Everything we do serves to empower consumers and strengthen Canada’s economy, so it can be as vibrant, innovative, and productive as possible. This annual report showcases the decisive steps we continue to take toward greater competition.
About the Competition Bureau
The Competition Bureau (the “Bureau”) is an independent law enforcement agency that protects and promotes competition for the benefit of Canadian consumers and businesses. It is headquartered in the National Capital Region with regional offices in Montreal, Toronto and Vancouver.
Headed by the Commissioner of Competition, the Bureau administers and enforces the Competition Act, the Consumer Packaging and Labelling Act (except as it relates to food), the Textile Labelling Act and the Precious Metals Marking Act (collectively referred to as the Acts).
Our Strategic Vision for 2020–2024: “To be a world–leading competition agency, one that is at the forefront of the digital economy and champions a culture of competition for Canada.”
Budget and people
During the 2021–22 fiscal year, the Bureau had an annual operating budget of $59.5M and a staff of 399 full–time employees.
Why competition matters
A healthy, competitive economy increases productivity and benefits all citizens.
Those powerful benefits include:
- Better prices, product choices and information to make informed decisions;
- Strengthened ability of businesses to adapt and compete globally;
- Stimulating growth to give small– and medium–sized businesses the opportunity to compete and win in marketplaces at home and abroad; and
- Balanced interests of consumers and producers in growing a vibrant, fair economy.
Protecting Canadians through enforcement action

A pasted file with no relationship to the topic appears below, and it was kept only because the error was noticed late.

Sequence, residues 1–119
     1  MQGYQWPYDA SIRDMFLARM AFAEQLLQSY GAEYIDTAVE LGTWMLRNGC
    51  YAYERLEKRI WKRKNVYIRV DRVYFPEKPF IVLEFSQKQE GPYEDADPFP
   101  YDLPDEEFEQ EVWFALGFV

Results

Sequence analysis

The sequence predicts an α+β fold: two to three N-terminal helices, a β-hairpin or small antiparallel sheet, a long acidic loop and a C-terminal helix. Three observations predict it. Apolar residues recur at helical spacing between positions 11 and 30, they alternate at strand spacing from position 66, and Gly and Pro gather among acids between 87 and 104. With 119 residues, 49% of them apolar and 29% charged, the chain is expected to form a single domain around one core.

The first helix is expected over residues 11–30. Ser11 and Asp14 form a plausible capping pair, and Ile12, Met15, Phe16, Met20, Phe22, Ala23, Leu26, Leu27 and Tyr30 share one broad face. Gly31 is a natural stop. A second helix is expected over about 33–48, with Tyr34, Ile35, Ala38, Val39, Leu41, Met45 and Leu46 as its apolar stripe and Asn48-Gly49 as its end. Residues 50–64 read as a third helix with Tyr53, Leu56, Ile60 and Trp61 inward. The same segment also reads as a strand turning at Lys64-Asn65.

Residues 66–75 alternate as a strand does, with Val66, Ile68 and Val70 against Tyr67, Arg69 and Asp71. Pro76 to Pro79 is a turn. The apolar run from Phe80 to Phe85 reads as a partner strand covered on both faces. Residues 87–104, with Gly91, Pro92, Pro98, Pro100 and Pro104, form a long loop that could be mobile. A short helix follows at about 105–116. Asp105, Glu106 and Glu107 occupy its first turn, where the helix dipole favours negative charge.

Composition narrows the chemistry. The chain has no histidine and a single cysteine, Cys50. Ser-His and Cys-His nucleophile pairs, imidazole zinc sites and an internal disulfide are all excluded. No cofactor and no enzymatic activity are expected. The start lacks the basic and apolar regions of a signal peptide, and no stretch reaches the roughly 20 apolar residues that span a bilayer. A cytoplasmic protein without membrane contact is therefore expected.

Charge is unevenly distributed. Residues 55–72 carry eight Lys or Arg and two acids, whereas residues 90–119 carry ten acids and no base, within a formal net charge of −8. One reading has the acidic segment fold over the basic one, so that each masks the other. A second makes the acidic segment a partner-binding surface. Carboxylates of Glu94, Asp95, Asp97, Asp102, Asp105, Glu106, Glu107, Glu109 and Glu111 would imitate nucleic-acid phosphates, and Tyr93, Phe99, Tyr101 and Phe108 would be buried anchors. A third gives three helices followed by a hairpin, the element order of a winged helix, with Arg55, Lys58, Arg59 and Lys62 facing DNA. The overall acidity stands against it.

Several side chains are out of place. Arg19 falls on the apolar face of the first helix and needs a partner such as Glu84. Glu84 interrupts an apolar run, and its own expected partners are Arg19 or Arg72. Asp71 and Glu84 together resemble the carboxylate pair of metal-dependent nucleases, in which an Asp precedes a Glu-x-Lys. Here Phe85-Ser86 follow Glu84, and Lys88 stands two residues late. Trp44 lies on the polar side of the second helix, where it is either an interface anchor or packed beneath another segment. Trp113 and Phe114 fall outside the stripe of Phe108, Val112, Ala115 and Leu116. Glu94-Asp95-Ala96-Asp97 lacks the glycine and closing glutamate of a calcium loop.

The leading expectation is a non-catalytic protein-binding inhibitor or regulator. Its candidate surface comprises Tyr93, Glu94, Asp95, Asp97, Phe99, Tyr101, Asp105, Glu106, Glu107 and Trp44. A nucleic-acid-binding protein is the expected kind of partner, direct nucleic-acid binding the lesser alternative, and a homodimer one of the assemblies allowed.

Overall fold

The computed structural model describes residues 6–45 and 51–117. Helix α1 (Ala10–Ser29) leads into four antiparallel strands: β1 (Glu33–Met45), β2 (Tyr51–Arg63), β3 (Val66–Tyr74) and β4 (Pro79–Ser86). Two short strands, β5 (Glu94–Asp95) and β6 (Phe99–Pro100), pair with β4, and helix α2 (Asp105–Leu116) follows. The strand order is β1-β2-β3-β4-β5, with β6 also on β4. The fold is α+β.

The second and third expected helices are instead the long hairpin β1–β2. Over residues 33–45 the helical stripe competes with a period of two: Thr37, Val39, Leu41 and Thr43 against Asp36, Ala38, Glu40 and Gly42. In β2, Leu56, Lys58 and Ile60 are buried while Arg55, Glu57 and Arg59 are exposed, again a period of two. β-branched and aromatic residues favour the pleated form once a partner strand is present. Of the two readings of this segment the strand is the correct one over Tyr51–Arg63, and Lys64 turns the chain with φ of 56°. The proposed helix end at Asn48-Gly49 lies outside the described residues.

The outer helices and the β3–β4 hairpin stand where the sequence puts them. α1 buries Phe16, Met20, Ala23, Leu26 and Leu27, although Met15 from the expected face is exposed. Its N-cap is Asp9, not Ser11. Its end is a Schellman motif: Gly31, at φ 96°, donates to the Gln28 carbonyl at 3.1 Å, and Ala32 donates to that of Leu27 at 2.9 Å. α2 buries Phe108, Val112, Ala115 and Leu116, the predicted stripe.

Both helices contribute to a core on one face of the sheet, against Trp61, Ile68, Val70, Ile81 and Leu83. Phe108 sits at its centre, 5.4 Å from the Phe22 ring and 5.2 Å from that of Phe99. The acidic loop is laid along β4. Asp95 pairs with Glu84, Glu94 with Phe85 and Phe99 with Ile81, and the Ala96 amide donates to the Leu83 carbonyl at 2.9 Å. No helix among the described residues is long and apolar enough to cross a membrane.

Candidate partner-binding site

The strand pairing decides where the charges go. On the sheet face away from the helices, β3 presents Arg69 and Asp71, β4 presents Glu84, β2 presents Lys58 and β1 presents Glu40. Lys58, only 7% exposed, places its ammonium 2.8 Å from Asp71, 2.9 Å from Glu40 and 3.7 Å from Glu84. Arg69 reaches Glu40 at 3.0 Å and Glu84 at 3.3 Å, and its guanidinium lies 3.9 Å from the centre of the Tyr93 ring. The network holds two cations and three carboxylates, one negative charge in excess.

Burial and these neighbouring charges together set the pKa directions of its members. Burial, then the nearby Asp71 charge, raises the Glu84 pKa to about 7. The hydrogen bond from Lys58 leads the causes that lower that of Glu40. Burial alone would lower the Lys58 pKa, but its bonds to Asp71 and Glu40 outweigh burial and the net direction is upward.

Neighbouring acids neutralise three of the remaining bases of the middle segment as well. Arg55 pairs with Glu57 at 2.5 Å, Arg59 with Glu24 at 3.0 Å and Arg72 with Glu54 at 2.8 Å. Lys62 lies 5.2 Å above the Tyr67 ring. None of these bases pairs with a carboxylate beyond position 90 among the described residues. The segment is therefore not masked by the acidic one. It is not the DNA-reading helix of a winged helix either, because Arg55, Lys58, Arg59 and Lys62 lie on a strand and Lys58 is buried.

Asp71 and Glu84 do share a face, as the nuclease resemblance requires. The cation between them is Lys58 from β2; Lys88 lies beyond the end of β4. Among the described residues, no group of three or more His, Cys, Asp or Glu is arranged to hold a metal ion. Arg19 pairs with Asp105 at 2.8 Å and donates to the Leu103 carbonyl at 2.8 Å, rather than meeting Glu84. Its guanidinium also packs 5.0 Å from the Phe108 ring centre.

Competition matters to all Canadians. But achieving and maintaining it takes strong enforcement and the ability to take meaningful legal action against anti–competitive and other unlawful behaviour in the marketplace. In 2021–22, the Bureau continued to use all enforcement tools at our disposal to address anti–competitive activity, as well as to examine mergers and take action against deceptive practices. We also continued to advance our proactive enforcement by expanding our intelligence–gathering efforts, examining trends in the marketplace and leveraging new technologies.
Enforcement action in key sectors
Enforcement action in the digital economy
Safeguarding competitive markets in the digital economy is a priority for the Bureau. This year, our enforcement efforts were plentiful in this area. We advanced our investigation of whether Google is engaging in certain practices that harm competition in the online display advertising industry in Canada. This industry includes many technology products coordinated to display advertisements to users when they visit websites or use apps. In October 2021, the Bureau obtained a court order requiring Google to produce information relevant to our investigation. This investigation is ongoing: there’s no conclusion of wrongdoing at the time of publication.
In another case, the Bureau investigated the competitive impact of an exclusivity policy imposed by Turo Inc. on its car–sharing digital platform. This policy prohibited users who rent out their cars (known as hosts) from also listing the same cars on competing car–sharing platforms. When we began our investigation in the Summer of 2021, the policy applied to hosts in all countries where Turo operated. After the Bureau raised concerns over the exclusivity policy, Turo changed its terms of service to indicate that the exclusivity policy no longer applies in Canada.